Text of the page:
Yesterday, Philadelphia announced it would be reinstating its indoor mask mandate amid a moderate rise in coronavirus cases, making it the first American city to do so in response to the spread of the Omicron subvariant BA.2. In making this decision, Philadelphia went beyond the recommendations of the CDC — which still considers the city to have a “low” level of community spread, meaning that masking should be an individual decision — and relied instead on its own Covid response plan, which calls for heightened mitigation measures whenever new cases rise by more than 50% over a 10-day period.
While much remains unknown about BA.2, the city’s return to mask mandates, which echoes recent decisions by elite universities such as Georgetown and Johns Hopkins, raises uncomfortable questions about the future of Covid policy in America’s liberal cities.
Masking is, above all else, a symbolic policy. Although it is generally favoured by U.S. public health authorities and supported by some studies, the evidence for its effectiveness in curbing the spread of the virus is sketchy, especially now, when the vast majority of Americans have some combination of vaccine-induced and natural immunity to the virus. Indeed, last week, the Children’s Hospital of Philadelphia, the source of the above-linked study in support of mask mandates, recommended against the city reimposing a mandate, given the currently low level of strain on the hospital system.
To the extent that Covid remains a problem in cities like Philadelphia, it is due to relatively low booster uptake among the elderly — only about half of Philadalphians over 65 have received a third shot. But of course, booster campaigns do not publicly signal concern about the virus in the same way as mandates, and they are far more difficult for governments to implement. If the city can’t force its elderly residents to get boosted, it can at least force everyone to wear ineffective cloth masks while shopping for groceries — just to show that it is doing something.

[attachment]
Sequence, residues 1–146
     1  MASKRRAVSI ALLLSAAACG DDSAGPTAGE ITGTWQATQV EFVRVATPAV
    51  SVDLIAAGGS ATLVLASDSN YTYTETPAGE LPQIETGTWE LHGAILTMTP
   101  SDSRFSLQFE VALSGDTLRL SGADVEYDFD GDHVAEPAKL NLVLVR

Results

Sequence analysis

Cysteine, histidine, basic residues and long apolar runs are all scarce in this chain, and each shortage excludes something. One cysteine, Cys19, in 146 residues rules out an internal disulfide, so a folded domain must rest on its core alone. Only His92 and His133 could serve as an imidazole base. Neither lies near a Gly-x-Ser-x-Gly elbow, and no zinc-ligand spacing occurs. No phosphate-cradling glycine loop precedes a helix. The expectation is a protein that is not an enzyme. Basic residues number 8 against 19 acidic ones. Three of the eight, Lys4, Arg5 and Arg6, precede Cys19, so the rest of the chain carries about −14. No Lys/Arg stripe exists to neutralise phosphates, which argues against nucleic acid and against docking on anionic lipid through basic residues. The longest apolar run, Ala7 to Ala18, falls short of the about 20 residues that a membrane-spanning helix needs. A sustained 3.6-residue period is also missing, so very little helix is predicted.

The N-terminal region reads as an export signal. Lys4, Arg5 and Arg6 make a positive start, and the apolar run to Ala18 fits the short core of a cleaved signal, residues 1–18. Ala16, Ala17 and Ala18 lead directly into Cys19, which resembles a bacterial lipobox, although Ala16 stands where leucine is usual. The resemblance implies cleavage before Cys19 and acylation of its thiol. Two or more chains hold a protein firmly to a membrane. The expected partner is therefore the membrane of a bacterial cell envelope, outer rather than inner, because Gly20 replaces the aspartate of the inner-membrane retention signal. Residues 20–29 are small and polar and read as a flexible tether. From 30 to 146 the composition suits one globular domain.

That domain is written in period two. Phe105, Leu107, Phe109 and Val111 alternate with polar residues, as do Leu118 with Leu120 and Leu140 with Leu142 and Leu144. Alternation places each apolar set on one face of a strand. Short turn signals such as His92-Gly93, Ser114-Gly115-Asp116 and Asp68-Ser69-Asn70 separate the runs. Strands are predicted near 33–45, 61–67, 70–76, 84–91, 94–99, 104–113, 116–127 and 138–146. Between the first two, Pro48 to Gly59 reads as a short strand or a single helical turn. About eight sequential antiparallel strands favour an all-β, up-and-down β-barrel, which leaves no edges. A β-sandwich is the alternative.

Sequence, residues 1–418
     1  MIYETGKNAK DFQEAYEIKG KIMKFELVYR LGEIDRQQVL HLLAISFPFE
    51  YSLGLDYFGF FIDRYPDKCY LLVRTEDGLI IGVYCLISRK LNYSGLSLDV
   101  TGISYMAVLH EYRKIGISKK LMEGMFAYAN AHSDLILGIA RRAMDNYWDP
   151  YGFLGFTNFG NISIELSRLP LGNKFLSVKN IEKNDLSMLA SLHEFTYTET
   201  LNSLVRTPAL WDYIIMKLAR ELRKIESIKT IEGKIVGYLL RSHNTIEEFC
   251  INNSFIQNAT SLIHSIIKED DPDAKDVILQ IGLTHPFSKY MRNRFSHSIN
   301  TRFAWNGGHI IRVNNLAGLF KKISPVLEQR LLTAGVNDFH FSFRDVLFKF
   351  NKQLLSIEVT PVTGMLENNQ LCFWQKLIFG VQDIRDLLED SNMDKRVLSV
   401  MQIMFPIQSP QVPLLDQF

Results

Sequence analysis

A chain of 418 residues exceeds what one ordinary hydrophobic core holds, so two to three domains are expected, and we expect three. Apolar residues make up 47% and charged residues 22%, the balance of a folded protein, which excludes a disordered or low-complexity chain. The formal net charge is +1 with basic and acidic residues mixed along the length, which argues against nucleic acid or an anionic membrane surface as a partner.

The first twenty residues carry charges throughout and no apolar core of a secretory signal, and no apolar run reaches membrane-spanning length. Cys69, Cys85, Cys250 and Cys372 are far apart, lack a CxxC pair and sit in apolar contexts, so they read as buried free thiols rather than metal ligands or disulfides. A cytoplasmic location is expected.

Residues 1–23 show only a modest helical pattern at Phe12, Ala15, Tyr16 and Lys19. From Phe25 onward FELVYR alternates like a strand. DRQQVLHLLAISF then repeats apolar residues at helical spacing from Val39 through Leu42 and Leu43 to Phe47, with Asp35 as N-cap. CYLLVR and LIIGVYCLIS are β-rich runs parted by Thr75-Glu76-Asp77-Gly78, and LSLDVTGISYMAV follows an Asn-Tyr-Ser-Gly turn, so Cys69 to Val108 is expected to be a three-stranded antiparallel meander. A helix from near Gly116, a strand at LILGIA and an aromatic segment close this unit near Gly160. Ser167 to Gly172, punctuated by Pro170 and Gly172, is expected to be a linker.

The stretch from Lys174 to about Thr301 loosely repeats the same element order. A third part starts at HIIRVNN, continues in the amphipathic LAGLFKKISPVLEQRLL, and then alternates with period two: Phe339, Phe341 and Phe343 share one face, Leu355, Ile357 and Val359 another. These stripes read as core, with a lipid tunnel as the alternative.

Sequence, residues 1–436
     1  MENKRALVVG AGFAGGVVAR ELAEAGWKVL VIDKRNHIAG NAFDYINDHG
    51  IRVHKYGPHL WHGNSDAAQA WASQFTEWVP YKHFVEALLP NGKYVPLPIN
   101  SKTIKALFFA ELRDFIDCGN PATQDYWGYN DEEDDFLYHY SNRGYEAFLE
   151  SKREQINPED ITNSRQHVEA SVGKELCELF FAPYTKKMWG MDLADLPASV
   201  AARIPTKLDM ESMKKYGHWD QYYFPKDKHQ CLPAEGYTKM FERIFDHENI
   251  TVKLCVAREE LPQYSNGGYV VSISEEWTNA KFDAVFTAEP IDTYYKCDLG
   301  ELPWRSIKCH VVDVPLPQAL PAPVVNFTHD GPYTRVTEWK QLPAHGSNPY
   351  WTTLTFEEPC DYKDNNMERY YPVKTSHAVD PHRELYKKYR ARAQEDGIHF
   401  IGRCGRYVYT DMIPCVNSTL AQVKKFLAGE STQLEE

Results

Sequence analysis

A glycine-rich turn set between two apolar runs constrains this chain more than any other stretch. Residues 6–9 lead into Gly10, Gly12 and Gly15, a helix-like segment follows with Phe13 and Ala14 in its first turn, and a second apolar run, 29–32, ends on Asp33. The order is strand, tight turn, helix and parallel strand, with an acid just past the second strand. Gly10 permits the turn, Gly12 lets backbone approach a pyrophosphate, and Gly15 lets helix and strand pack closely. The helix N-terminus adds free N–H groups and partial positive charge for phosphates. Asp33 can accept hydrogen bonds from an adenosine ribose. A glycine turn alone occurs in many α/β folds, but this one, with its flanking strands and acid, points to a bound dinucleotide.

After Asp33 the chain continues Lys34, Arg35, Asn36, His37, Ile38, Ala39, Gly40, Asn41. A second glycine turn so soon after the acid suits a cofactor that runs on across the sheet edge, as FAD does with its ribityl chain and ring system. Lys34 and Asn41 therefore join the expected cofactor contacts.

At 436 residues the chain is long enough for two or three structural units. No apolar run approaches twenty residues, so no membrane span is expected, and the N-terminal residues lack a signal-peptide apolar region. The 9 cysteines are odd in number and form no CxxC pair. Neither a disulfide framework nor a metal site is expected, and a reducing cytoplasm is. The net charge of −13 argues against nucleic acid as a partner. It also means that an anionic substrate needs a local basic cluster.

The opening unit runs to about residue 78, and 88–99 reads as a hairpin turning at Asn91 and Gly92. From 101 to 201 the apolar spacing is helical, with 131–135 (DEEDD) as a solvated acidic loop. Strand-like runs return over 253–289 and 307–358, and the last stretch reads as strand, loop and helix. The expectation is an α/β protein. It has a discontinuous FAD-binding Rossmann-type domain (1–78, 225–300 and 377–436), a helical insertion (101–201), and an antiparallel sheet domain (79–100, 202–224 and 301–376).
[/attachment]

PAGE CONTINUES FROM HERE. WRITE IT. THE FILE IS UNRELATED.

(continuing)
After two years of living with coronavirus, the public conversation in the US is finally taking seriously the damage that has been done by the isolation and social disruption of the pandemic, often to people who are at low risk from the virus itself. Drug overdoses, homicides, and traffic deaths are all up significantly. In 2020, slightly more Americans under the age of 65 died from alcohol-related health problems than from the virus. Mental health among teenagers has taken a nosedive.
Americans desperately need a return to normal. Yet Philadelphia’s eagerness to return to mandates, even in the face of CDC guidance and the recommendations of local experts, suggests a future in which alienating mitigation measures remain in place indefinitely, ready to snap back whenever case counts rise, even if they are disconnected from more serious measures like hospitalisations and deaths. It is precisely because mask mandates are more symbolic than practical — because they signal that we cannot leave the virus behind us — that they should be resisted except as a measure of last resort.